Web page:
Seeing the light in Peggy’s Cove
Peggy's Cove. Photo: Nova Scotia Tourism
By Marianne Simon 29 October 2019 Share this story
Before moving from India to Halifax, I visited several times; one of my first experiences here was a visit to Peggy’s Cove.
It was one of the most fabulous experiences I have ever had. The beauty of the place awed me, as did the majestic red and white lighthouse silhouetted against the clear blue sky on that sunny day.
The picture was permanently etched in my mind. The blue sea met the far horizon, the waves constantly crashed against the boulders on the shore, scattering their fury and starting all over again.
This is eternity, I thought. Time stood still and I was enthralled by the vastness of the landscape and its magical effect on me. I bowed my head to honour the creator of such magnificent space, the peace that surrounded it, and the songs of the sea.
What did my being there tell me? That I was surrounded by mysteries I might never be able to unravel? That we were all enveloped in a circle of life that bound the opposites together: the stillness of the sea and the rage of the waves which were parts of the same ocean? Love and loss, abundance and scarcity, the sacred silence and the roar, happiness and sorrow—all seemed to coexist in that very moment.
I climbed up the rocks, stood close to the lighthouse and admired the enormousness of the structure. It reminded me of the little lighthouse on Ross Island in Port Blair, India, where I used to live. I woke at dawn to see the beams of the lighthouse still shining and the last thing I saw every night was the beams again. I said good night to the lighthouse just before I went to bed. The lighthouse was a constant in my everyday life. Hundreds of memories of my home came flooding to me.
But I didn’t dwell on them.
I gazed at the imposing lighthouse in front of me again. I could visualize the many ships and sailors that the beacon helped to find their way home through stormy, dark, and foggy nights. The lighthouse dates back to 1915 and today Peggy’s Cove is an active fishing village of 35 residents. In 2010 the Government of Canada declared the lighthouse to be “surplus.” Although community groups have taken responsibility for other discarded lighthouses, this one’s future is still uncertain. Yet it remains a monument to safety, and as such, should be cherished for ever.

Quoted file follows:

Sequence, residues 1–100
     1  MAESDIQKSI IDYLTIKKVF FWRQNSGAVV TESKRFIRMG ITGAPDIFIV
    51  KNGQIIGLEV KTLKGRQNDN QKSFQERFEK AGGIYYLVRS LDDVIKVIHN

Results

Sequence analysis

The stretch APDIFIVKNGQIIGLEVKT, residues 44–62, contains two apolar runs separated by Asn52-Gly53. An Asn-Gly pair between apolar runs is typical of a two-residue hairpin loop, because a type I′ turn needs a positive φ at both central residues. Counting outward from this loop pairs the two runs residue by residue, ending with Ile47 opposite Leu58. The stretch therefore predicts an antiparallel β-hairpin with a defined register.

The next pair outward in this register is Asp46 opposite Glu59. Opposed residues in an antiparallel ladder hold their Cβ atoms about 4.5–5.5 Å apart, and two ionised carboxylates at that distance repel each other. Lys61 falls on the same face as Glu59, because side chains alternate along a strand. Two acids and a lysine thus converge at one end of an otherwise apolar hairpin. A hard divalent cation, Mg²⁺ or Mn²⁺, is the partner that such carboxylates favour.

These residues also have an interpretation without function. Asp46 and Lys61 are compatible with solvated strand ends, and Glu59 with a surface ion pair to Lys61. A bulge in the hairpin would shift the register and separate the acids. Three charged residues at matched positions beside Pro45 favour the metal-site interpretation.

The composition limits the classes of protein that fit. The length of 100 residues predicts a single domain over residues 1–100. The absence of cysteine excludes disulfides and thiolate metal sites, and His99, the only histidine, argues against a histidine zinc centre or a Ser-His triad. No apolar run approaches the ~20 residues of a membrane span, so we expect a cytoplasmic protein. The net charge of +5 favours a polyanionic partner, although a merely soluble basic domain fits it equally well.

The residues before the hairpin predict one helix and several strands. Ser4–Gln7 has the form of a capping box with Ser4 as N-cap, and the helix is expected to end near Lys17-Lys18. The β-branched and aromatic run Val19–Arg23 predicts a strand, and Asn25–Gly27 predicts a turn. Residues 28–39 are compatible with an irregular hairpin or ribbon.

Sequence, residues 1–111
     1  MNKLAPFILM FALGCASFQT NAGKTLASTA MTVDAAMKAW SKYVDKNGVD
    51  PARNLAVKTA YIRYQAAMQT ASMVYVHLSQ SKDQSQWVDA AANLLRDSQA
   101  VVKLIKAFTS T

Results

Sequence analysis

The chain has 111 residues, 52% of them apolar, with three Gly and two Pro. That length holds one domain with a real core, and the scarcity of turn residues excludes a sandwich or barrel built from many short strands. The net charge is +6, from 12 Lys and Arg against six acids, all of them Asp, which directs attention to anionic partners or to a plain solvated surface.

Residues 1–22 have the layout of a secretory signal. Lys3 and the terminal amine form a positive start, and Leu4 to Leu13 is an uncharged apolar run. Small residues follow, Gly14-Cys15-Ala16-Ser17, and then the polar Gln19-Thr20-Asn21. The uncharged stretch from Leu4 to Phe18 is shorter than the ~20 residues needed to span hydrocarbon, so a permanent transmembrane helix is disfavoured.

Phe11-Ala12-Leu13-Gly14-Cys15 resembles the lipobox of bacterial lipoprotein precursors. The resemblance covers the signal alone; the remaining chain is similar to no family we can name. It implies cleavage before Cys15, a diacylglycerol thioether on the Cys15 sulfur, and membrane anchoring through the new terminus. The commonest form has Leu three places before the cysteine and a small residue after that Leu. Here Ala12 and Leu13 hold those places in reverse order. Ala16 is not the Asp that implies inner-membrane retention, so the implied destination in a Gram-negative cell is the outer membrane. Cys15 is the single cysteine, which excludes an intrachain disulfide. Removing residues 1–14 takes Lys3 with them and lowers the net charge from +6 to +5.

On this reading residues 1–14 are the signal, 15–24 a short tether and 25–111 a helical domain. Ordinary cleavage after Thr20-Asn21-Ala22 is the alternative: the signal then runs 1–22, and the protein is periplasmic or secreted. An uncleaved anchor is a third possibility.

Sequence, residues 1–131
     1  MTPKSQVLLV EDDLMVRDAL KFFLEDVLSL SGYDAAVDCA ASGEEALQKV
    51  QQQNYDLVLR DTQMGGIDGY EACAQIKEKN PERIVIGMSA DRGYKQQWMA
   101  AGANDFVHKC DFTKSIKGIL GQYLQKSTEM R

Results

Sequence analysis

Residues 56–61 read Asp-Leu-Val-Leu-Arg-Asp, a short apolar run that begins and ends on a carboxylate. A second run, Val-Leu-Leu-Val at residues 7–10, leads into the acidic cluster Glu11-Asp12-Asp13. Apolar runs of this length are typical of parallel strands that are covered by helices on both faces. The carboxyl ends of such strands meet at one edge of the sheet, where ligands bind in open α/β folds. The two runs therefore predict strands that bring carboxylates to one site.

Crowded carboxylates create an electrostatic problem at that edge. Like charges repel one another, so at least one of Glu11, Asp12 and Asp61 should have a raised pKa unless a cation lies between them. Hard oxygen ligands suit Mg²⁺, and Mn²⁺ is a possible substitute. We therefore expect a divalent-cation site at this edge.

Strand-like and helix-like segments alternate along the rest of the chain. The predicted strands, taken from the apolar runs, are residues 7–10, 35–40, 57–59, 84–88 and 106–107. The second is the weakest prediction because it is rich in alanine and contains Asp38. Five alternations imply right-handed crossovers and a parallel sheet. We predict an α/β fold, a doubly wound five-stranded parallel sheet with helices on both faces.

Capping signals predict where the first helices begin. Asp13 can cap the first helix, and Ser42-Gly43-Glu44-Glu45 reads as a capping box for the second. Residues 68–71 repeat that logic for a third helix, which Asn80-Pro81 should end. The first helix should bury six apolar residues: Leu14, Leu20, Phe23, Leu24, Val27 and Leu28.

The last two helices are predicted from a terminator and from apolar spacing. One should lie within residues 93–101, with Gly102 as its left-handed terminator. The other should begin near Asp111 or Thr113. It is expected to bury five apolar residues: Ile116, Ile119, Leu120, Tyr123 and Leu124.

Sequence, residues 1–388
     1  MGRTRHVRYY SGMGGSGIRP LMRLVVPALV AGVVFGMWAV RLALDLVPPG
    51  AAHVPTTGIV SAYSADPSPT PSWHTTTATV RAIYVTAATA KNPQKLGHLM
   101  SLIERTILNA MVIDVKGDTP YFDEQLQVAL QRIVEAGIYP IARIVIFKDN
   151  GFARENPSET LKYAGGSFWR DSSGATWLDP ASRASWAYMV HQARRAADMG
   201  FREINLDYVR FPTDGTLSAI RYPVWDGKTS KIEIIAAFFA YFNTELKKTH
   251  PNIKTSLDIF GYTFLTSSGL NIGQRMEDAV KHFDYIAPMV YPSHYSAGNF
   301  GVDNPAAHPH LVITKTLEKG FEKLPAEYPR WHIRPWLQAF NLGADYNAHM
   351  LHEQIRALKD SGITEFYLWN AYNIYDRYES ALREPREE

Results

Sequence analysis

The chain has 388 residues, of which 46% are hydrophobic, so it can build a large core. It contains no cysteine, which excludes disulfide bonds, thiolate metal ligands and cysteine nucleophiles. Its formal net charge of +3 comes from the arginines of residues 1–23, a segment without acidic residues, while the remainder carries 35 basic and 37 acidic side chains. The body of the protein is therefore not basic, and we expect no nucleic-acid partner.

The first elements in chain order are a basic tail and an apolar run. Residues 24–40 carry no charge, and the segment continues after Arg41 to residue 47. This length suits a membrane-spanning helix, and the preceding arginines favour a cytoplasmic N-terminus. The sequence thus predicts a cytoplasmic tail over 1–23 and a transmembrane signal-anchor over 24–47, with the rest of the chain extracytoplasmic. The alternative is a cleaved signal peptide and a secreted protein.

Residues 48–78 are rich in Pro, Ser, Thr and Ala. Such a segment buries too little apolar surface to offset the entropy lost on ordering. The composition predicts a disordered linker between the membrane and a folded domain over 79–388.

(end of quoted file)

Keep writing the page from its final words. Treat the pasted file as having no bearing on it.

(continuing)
After wandering around admiring some of the rough inukshuks visitors often build on the rocks, I headed towards the Peggy of the Cove Museum, owned by the local artist and storyteller Ivan Fraser. His childhood family home is now a museum and gallery, showcasing his beautiful photographs and artwork.
I also made a brief visit the deGarthe Gallery (which is now closed for renovations). It celebrates the work of acclaimed Finnish artist William E. deGarthe, who lived and worked in the village for decades. The 33-metre unfinished granite carving in the yard of deGarthe’s former home is a great tribute to the local fishermen. I studied its details; although he died before finishing the work, deGarthe did capture the essence of the local fishing community.
It was lunchtime by then. The Sou’wester Restaurant and Gift Shop offered all manner of seafood. I settled for the creamy seafood chowder and gingerbread with soft vanilla ice cream. Everything was delicious. I wondered why the food tasted so good. Was it because it was made in the vicinity of a world-famous lighthouse? Sheer joy? Salt-air induced hunger?
On the way back I stopped to visit the memorial to the victims of Swissair Flight 111, which crashed one kilometer north of Peggy’s Cove. On Sept. 2, 1998, 215 passengers and 14 crew members died. Two hundred and twenty-nine lives were snuffed out in a moment, for no fault of theirs. As I stood there, I heard their silent cries of anguish. The fatal realization that their lives were to end in the next few minutes must have been devastating.
The memorial stood in silence. There was an atmosphere of sadness and desolation, and the rugged rocks and the sparse vegetation complemented the feeling. I stood still for a few moments and paid tribute to the departed before I took leave of them.
I had momentarily forgotten the elation and the excitement I felt while watching the lighthouse. I thought of the contrast. The lighthouse stood as a monument to life and safety, the memorial represented the transience of life. I wondered about those victims. Did some part of them remain here? Or were they gone for ever? That was another mystery I might never be able to solve.
This story was originally published in Halifax Magazine.
Marianne Simon is a writer and subeditor and has published many children’s stories, articles and poems in magazines and newspapers. Her interests include teaching and conducting English-conversation classes.
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